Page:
Toward practical and unconditional verification of remote computations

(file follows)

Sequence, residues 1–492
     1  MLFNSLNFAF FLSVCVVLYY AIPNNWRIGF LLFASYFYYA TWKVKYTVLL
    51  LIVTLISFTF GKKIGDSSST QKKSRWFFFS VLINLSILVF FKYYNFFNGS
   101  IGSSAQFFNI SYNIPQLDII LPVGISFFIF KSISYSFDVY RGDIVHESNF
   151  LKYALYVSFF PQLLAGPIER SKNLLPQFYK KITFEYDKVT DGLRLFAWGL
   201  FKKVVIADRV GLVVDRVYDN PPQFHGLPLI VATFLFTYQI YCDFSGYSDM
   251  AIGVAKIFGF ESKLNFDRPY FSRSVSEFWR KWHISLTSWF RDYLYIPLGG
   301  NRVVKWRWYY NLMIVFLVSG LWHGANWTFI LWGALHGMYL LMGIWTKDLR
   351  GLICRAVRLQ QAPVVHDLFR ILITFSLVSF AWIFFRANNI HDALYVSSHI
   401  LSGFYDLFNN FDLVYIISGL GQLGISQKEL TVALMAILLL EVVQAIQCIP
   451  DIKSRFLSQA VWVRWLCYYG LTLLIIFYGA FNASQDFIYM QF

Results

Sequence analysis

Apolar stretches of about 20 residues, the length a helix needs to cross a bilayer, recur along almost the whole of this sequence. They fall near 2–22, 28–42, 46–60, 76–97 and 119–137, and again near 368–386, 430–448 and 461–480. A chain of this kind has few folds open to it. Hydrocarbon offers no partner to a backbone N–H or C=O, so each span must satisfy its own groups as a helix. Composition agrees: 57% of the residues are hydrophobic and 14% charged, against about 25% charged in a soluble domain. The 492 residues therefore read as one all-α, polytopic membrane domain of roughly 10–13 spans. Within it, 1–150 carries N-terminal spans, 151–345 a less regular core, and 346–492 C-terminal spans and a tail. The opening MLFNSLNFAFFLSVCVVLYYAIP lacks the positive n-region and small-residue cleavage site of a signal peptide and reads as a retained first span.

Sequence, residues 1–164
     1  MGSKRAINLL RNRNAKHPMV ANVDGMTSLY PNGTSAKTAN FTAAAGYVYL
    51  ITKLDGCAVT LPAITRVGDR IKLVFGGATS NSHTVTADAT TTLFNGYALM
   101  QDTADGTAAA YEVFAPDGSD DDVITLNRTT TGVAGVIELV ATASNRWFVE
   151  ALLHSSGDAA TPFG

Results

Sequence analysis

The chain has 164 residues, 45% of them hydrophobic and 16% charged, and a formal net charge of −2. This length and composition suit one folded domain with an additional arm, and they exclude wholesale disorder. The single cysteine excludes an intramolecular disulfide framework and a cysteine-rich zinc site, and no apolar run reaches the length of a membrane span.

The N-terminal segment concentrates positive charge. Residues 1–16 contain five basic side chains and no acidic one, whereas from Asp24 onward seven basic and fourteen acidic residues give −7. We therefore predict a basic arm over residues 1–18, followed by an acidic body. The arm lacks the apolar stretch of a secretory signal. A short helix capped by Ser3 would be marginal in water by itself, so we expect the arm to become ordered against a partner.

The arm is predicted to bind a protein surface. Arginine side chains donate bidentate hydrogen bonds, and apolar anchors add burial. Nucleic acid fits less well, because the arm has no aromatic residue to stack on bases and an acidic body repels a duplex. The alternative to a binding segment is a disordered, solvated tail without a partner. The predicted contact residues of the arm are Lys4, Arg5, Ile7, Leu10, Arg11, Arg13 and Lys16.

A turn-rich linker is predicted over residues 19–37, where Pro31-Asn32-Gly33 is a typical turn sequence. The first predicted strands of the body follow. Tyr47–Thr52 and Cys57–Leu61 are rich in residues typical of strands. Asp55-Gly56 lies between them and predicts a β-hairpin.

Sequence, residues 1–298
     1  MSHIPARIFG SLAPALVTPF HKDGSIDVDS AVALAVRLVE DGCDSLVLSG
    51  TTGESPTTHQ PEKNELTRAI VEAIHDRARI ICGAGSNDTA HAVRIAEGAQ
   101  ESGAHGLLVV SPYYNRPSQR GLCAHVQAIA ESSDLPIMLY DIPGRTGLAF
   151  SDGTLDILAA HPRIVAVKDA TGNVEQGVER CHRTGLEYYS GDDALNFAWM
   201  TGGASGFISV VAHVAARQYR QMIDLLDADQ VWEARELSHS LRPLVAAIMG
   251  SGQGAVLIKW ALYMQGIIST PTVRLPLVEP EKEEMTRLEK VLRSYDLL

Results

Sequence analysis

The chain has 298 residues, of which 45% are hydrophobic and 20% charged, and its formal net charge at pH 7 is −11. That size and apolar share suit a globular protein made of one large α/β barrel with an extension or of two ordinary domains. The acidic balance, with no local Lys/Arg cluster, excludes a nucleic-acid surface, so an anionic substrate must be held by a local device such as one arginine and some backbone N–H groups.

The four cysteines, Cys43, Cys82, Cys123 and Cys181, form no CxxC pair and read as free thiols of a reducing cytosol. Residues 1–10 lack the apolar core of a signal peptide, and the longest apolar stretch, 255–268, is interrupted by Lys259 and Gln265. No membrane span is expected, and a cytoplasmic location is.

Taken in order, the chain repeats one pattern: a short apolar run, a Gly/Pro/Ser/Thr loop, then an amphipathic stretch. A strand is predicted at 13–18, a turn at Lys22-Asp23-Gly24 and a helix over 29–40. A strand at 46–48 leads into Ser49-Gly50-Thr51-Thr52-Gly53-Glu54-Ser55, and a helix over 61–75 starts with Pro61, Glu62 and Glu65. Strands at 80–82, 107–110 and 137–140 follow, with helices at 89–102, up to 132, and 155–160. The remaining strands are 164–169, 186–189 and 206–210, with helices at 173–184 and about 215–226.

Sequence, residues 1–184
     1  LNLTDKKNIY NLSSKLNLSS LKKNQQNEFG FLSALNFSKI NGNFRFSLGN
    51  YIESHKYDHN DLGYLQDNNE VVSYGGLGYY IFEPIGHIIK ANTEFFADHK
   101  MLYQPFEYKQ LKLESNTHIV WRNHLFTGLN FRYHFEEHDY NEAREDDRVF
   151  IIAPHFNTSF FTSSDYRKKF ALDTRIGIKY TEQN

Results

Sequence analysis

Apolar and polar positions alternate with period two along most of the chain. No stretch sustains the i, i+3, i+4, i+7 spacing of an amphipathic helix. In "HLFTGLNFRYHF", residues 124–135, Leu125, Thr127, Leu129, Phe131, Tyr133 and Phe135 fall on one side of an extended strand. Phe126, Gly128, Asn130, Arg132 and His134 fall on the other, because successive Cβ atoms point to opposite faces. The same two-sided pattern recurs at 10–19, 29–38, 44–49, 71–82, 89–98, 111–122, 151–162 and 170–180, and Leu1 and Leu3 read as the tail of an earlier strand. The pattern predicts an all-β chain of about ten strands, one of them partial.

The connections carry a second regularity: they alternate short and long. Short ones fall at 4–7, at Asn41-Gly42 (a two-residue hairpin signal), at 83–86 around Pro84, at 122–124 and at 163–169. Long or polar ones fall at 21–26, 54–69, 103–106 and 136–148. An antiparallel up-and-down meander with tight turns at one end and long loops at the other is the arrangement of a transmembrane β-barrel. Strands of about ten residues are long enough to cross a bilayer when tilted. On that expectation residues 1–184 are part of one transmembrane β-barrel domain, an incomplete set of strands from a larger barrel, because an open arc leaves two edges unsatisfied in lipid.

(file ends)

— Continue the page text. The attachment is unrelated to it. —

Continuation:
This paper revisits a classic question: how can a machine specify a computation to another one and then, without executing the computation, check that the other machine carried it out correctly? We want a scheme that (a) has practical performance, (b) is simple to implement, and (c) provides unconditional guarantees. Of these goals, (a) and (b) contrast with the way this question is handled in the theory literature and (c) contrasts with current systems approaches. Our approach is to revisit the theory of interactive proofs and probabilistically checkable proofs (PCPs) and attempt to reduce it to practice. We do so by identifying a strand of theory that can lead to a practical solution and then applying several refinements that reduce the costs by over 12 orders of magnitude. Our resulting prototype meets goals (a)--(c) but only over a limited domain. In this partial success, the prototype provides a concrete foundation for our position: that PCP-based verifiable computation can be a systems problem, not just a theory problem. In its shortcomings, the prototype illustrates how much research remains, a gap that we hope to close with the help of the community's expertise.